Jennifer Tanaka

Perhaps the best dividend of working at a restaurant is the dissolution of the outsider-insider border. I’ve eaten at this restaurant a few times before. It’s a really, really nice joint so on those occasions I have felt extra-special, on par with the well-dressed and sophisticated people seated around me, if only for a scant two hours. However, the rubber meets the road when I am confronted with a fish knife. Do you know the fish knife? It’s short and blunt, fat at the tip, and shaped almost like a spoon but flat instead of concave. I’ve yet to figure out if you’re supposed to flake your fish with the thing, or flake your fish with your fork and use the fish knife to shovel it into your mouth as if it were a spoon. It must be perfectly obvious that I don’t how to use a fish knife even as I try to play it off like, Oh, who needs a knife on such luscious, fork-tender food?

The waiters, who manage to stand just on the outside of your peripheral vision so as to be available yet not intrusive, know I’m bluffing. They can see it in the way I pick up my fish knife and wave it around, gesturing at nothing, and put it down and then pick it up again, perhaps running it through the edge of my sauce to make it seem like I’m using it. Part of me wants to reach out for help, but the waiters have mastered the art of “friendly stranger face,” which says, in a non-verbal way, “I’m here for you in case you need me. But don’t come too close.” The waiters would probably leap into your arms if you asked nicely enough, and yet their eyes forbid you to do so. It turns out that once you get these guys (and they are mostly men) behind the partition, the stony-faced pretense drops away like a tie after a hard day’s work. If you’re on the inside, they let you see what they don’t show to the customers. They smile. They laugh and joke around. They curse loudly and play practical jokes on each other. They seem like totally different people.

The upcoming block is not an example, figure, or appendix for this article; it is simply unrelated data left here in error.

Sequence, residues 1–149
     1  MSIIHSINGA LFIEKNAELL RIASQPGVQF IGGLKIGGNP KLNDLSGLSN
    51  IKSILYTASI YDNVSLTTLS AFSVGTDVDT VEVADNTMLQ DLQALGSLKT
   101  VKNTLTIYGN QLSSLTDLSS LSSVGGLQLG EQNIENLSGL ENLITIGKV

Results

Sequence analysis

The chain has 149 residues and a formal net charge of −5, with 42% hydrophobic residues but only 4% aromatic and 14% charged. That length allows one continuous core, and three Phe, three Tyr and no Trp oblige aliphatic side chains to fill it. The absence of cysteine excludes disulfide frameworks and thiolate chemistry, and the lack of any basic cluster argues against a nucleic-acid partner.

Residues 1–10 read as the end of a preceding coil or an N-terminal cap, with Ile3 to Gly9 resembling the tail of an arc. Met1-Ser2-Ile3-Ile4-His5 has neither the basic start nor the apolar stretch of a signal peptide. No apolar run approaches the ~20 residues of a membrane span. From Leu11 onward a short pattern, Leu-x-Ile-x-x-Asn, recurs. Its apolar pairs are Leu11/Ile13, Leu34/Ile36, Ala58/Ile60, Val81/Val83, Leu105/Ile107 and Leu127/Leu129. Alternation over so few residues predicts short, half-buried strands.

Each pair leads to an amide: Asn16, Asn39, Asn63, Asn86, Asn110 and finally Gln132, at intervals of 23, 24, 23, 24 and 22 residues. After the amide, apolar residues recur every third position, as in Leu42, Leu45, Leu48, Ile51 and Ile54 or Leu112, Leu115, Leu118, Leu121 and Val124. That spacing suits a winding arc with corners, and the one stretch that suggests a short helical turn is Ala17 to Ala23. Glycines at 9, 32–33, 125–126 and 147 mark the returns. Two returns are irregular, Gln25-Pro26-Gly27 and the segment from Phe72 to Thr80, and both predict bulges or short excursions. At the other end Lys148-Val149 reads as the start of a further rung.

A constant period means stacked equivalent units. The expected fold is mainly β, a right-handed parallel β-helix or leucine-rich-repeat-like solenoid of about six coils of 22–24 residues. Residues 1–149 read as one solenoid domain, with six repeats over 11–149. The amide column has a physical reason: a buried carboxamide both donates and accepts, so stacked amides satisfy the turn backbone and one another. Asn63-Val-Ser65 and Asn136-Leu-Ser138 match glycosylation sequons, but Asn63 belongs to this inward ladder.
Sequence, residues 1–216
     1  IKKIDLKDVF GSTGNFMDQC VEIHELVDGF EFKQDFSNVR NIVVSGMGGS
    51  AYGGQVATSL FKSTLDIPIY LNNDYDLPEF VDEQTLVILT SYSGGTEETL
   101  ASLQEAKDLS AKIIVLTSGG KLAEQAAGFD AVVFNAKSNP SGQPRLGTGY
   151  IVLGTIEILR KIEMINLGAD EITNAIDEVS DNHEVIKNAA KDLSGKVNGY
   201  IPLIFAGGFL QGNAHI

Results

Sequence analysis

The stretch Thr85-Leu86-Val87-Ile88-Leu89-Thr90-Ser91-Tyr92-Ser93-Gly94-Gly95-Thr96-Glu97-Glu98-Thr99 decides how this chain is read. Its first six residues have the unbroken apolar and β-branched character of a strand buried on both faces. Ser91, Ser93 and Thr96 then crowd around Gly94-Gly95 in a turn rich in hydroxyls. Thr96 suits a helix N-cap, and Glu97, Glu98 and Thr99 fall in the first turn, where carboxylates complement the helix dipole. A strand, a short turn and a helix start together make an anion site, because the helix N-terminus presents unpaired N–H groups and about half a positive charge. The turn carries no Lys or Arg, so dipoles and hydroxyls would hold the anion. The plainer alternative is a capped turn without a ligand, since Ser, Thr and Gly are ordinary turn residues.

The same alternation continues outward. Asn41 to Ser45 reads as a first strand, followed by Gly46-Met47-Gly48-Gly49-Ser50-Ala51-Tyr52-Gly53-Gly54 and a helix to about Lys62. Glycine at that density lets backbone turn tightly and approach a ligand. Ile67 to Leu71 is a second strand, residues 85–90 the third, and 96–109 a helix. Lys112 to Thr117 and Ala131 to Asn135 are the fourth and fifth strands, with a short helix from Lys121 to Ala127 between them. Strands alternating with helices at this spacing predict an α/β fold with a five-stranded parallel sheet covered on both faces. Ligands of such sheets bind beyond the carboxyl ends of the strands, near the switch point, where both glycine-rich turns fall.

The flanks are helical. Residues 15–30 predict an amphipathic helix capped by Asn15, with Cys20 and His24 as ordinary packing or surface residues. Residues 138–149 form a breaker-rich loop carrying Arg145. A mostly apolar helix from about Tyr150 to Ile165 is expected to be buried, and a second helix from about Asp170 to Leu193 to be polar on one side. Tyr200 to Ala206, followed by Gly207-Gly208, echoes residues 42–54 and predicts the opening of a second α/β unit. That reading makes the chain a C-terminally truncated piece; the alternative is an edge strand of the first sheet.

The conviviality of the wait staff reflects the atmosphere of the whole place, including the top management and the kitchen people, from the line cooks to the part-time butchers to the dishwashers, all of whom look you right in the eye and introduce themselves. I’m stunned, really, at how nice everyone is. There’s Tony, the baby-faced sous chef who has been cooking since he was 14 years old, which is about as old as he looks (he’s 24). There’s the other Tony, the grill chef who has sizable forearms covered in old scars from burns he received from a series of kitchen stoves he has dated. He will happily describe them all to you. “This one is from a pot handle,” he says, pointing to a crescent-moon shaped lesion. “This one I got from a wire that got unattached in an oven. So every time you would reach in to pull out a pan there would be this hot thing in your way.” He points to another one, proudly telling you that it’s barely noticeable because he treated it himself with a hard-to-obtain salve. The scar is about the size of an old silver dollar that’s been stretched into an oval and is two shades lighter than his natural skin tone. There’s Greg, who is a quiet, glasses-wearing, young black guy whose parents are from Haiti. There’s the other Greg, who mans the appetizer station. He’s from Toronto and tells me that he might have been a professional tennis player if it were not for a debilitating injury to the cartilage in his knees, suffered during a big juniors tournament when he was 17. “I went down for a forehand and never got back up,” he says.